Thousands of Americans gather for protests on July 4 as Black Panther members arrive at a Southern monument used by the KKK in Georgia and protesters burn the American flag near Trump Tower
- Thousands of Americans continued to protest protests against police brutality and racial inequality across the country on July 4 across the country.
- The holiday is underscored by a background of growing controversy over the way President Trump deals with the coronavirus pandemic, systematic racism common to various social institutions and police brutality
- Black Panther members arrived at the Stone Mountain Confederate Memorial in Georgia to protest the reopening over ties to the Ku Klux Klan
- New York City protesters burned an American flag near Trump Tower and crowds swarmed the streets
- Several other protests have been held in Washington DC, Chicago, Los Angeles, Pittsburgh, and more
Thousands of Americans have dumped traditional cookouts to fight for a rethought country on Independence Day with dozens of protests spanning several cities – including an American flag burning in New York City – as tensions over racial inequality and corona virus spikes intensify.
The past few weeks have been a particularly divided time in the United States as an invisible battle line has been drawn between civilians on a number of issues from law enforcement to face masks.
The arrival of July 4 on Saturday was no celebration for some Americans who believe the 224th Independence Day struggle for freedom is far from over.
In Georgia, members of the Black Panther Party descended to Stone Mountain Park to call for the removal of the Stone Mountain Confederate Memorial tree.
Thousands of protesters in the United States bypassed traditional barbecues and cookouts to participate in July 4 protests against police brutality and racism
Black Panther Party members (pictured) arrived in Stone Mountain Park on July 4 when officials reopened the Stone Mountain Confederate Memorial – a site often used by white supremacist group Ku Klux Klan
Several US flags were torched on Saturday as protesters set them on fire near Trump Tower in New York City, as citizens become increasingly exhausted with divisive rhetoric
A nine-story sculpture carved into a sprawling rock face northeast of Atlanta, Stone Mountain Confederate Memorial is arguably the South’s most daring monument with its pro-slavery legacy still intact.
Despite long-running demands for the removal of what many consider to be a sanctuary for racism, the gigantic depiction of three Southern heroes on horseback still ominously towers over rural Georgia, protected by state law.
It, like many other Southern images, has become entangled between Americans who claim to celebrate hate ideologies and those who believe it honors the tradition of the South.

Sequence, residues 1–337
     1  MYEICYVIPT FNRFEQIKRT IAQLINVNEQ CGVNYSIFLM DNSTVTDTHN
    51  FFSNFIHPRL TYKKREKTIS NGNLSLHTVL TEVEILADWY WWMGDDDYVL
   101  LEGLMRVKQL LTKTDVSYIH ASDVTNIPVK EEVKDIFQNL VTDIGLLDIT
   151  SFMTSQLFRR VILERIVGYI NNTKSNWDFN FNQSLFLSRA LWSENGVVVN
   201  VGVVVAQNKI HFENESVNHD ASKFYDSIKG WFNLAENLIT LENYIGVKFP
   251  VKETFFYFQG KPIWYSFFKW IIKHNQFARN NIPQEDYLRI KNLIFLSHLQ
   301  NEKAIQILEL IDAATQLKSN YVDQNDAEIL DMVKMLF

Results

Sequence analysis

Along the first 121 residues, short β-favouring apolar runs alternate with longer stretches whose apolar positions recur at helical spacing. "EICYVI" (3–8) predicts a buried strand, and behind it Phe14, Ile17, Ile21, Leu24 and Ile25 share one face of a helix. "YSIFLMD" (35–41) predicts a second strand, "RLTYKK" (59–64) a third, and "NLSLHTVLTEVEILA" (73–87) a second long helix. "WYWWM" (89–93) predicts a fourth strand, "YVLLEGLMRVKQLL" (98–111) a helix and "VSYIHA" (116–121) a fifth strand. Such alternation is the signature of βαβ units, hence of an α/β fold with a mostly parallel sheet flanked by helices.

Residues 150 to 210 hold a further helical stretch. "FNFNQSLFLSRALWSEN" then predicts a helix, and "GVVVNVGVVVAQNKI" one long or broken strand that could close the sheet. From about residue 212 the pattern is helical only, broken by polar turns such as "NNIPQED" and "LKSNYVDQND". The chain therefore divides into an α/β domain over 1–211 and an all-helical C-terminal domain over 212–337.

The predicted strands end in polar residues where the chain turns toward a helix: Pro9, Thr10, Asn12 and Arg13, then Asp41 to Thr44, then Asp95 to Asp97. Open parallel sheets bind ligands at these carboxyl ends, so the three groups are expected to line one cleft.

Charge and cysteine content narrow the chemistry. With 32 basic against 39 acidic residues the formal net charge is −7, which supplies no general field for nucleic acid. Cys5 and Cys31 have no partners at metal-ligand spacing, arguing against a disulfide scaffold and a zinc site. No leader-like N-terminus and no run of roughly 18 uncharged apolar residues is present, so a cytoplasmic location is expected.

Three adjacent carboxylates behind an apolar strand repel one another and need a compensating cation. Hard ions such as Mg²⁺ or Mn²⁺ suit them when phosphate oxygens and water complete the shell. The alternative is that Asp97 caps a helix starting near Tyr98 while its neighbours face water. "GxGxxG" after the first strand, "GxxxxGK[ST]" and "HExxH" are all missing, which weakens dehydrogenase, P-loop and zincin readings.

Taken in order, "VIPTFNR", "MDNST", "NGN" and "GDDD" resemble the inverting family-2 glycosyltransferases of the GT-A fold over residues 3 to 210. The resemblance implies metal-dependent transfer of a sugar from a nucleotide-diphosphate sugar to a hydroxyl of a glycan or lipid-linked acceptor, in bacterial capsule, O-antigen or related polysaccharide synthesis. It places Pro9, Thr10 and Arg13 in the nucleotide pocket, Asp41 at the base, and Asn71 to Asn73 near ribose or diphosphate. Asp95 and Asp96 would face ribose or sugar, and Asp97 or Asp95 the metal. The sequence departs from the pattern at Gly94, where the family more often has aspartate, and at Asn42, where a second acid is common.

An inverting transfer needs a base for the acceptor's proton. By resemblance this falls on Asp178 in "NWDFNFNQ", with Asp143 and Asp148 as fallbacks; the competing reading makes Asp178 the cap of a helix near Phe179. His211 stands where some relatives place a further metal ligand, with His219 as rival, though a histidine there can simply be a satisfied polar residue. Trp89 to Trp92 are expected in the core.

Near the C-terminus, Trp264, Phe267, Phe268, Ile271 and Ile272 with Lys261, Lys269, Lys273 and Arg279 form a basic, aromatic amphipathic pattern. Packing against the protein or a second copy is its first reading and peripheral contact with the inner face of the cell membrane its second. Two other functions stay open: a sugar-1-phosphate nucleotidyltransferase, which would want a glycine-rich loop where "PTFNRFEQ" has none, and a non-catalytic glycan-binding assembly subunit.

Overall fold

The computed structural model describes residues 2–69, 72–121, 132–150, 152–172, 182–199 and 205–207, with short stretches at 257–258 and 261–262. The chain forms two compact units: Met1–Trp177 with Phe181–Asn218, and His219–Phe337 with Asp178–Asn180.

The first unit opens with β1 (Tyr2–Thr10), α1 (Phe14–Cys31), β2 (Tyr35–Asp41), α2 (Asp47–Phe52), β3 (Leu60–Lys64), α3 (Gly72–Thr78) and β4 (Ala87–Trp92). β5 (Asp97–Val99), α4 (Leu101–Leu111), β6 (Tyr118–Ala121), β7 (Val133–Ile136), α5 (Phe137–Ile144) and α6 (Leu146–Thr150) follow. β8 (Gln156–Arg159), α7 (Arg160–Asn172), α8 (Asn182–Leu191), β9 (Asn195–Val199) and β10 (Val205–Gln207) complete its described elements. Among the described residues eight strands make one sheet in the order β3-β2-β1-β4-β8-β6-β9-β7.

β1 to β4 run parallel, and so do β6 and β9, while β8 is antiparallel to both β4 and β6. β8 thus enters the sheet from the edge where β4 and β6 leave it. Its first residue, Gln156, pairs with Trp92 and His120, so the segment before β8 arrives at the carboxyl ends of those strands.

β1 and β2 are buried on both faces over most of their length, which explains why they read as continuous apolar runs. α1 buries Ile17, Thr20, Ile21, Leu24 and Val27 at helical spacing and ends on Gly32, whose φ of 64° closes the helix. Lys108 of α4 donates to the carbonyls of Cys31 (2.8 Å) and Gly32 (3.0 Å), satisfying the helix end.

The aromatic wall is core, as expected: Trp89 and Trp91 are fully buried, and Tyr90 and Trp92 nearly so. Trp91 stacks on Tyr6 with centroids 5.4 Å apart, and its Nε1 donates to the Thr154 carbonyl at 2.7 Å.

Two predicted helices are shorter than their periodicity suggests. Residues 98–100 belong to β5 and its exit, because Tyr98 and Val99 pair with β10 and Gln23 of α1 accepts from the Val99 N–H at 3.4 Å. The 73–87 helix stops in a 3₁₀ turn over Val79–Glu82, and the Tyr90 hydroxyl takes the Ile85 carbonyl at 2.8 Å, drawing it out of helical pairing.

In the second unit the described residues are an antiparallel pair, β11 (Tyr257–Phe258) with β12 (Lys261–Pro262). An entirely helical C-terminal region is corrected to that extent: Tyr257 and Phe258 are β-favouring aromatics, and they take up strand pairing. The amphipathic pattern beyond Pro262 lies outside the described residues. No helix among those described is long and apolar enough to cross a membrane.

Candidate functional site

“Here we are in Atlanta, the birthplace of the Civil Rights Movement, and we still have the largest Confederate monument in the world,” said Gerald Griggs, a vice president of the Atlanta chapter of the NAACP Civil Rights Group, who as last organized a march that called for scraping the carving from the mountainside.
“It’s time for our state to get on the right side of history.”
Stone Mountain has long been a symbol for white supremacists. The Ku Klux Klan, a hate group formed by veterans of the Confederate Army and with a history of lynching and terror against black people, held its rebirth on the mountain in 1915 with flaming crosses.
Protesters with signs like ‘The Founding Father’s Owned Slaves’ and Black Lives Matter signs kneel down at the remains of a torched American flag outside Trump Tower
Angela Moore (center) holds an American flag upside down and a sign that reads “Stop Killing” as she stands near police officers during a small standoff between police and protesters in front of Lafayette Square near the White House in Washington, DC
A demonstrator shouts at a row of police officers during a small confrontation between police and protesters in front of Lafayette Square near the White House in Washington, DC
Burning of the American flag outside Trump Tower is seen as a direct act of resistance to a government criticized for being a deaf person in racial issues
Second Amendment groups gather to protest in Richmond, Virginia. Social media event pages said the groups protested open carry laws, commemorating Duncan Lemp and against Governor Ralph Northam.
Klansmen still occasionally hold meetings in the shadow of the building, albeit with protesters behind the police band. Many of those cross burns occurred on or around July 4
But with the rise of the Civil Rights Movement, segregationist officials in the state insisted on the foundation of the Stone Mountain Memorial Association in 1958 and bought the park. The carving was completed in 1972.
“This debate has been going on for years and we are sensitive to it,” said John Bankhead, a spokesman for the group.
“We want to tell history as it is, not as some say.”
Protesters in Richmond, Virginia gathered at the now-violated statue of Robert E. Lee on July 4. The Confederate monument was one of many damaged since the protests began in May.
A sign that reads “Fight White Supremacy Free All Political Prisoners” is lifted into the air during a Black Lives Matter demonstration on July 4 in Philadelphia, Pennsylvania
Members of the DC Metropolitan Police arrest a black man at Black Lives Matter Plaza on July 4, 2020 in Washington, DC, as protests about police brutality and systemic racism continue